On April 7, 1940, Booker T. Washington became the first African American to be depicted on a United States postage stamp. Several years later, he was honored to be on the first coin to feature an African American, the Booker T. Washington Memorial Half Dollar. But how did this slave turned orator and leading member of the African American community achieve this?
Booker T, known as “Booker,” was born in 1856 in southwest Virginia. He was born into slavery. Although all slaves were emancipated in 1865, life remained difficult for Booker. He worked in salt furnaces and coal mines in West Virginia for several years to earn money. Eventually he traveled east and was able to attend Hampton Institute, a school established to educate free men and their descendants. He had little money to pay for tuition, so he worked to pay for his studies. He also attended Wayland Seminary in Washington, D.C.
Education was very important to him, so when he was invited to teach at Hampton Institute, he quickly agreed. It was in 1881 that the Hampton Institute president Samuel C. Armstrong recommended Washington to become the first leader of Tuskegee Normal and Industrial Institute (later Tuskegee Institute, now Tuskegee University), in Alabama. The new school opened on July 4, 1881, with Booker T at the helm.
His influence on other African Americans
In the beginning, the school focused their curriculum on teaching students basic skills to take back to their mostly rural black communities throughout the South. Booker’s goal was to educate blacks so they would eventually gain full participation in society as responsible, reliable American citizens. The school thrived under his leadership and added more programs and eventually was named Tuskegee University, and its endowment grew from $2,000 to over $1.5 million. By this time, Washington had become an influential figure in the African American community, but he was also influential among wealthy white philanthropists and politicians whom he would not hesitate to approach for support with education for blacks.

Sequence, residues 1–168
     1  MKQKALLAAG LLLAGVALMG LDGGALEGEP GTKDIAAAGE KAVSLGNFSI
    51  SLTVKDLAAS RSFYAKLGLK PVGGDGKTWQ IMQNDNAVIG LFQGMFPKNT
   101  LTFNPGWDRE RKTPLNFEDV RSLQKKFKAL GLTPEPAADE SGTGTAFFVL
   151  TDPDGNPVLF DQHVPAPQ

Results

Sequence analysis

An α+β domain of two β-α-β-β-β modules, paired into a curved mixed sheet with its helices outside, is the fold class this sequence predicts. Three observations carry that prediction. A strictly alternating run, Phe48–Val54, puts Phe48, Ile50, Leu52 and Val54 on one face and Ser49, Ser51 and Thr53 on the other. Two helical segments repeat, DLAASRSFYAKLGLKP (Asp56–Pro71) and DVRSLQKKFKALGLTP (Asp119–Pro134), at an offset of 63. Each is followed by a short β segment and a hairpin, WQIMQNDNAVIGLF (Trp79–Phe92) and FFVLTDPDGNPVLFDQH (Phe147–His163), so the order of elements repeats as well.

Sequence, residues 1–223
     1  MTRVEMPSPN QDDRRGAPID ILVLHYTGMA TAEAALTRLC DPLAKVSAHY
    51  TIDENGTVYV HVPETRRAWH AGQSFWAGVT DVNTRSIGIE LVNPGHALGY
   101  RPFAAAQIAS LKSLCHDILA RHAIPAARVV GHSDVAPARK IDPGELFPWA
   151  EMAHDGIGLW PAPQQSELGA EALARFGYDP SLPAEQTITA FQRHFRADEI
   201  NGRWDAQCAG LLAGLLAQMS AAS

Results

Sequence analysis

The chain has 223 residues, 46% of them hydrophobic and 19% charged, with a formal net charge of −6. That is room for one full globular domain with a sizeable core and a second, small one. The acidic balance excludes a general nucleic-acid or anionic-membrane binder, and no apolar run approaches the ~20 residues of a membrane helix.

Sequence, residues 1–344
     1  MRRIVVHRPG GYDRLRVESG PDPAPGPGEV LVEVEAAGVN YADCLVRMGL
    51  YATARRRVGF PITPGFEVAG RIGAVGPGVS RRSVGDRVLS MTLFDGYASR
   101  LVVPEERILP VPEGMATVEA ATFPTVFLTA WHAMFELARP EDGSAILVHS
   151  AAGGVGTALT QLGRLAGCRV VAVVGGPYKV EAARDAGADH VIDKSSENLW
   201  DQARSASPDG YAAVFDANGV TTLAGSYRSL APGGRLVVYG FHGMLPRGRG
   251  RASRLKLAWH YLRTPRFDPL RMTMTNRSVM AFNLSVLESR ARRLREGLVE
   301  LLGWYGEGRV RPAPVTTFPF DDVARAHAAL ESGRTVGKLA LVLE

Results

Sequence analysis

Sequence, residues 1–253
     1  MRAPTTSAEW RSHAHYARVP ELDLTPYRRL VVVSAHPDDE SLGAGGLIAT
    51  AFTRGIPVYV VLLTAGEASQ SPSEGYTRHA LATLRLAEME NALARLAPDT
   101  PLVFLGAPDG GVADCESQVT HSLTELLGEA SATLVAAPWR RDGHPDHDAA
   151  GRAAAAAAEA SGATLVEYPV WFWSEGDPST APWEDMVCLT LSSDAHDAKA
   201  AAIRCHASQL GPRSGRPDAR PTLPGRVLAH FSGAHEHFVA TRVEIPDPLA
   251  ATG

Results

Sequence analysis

Gaining national attention
Washington remained at the school for 30 years. His reputation grew, not only as an educator, but as an outspoken supporter of social and educational issues for Blacks. He gained the respect of national white leaders in politics, philanthropy and education, even serving as a consultant on issues of race. As a result, he was awarded honorary degrees from leading American universities. He continued his work until his death in 1915.
Finally, in 1940 this former slave and world-renowned educator was nominated by supporters and then by President Franklin Delano Roosevelt to have his picture featured on a U.S. postal stamp. It was the very first time that an African American was featured on a U.S. postal stamp.
Watch his story on Biography: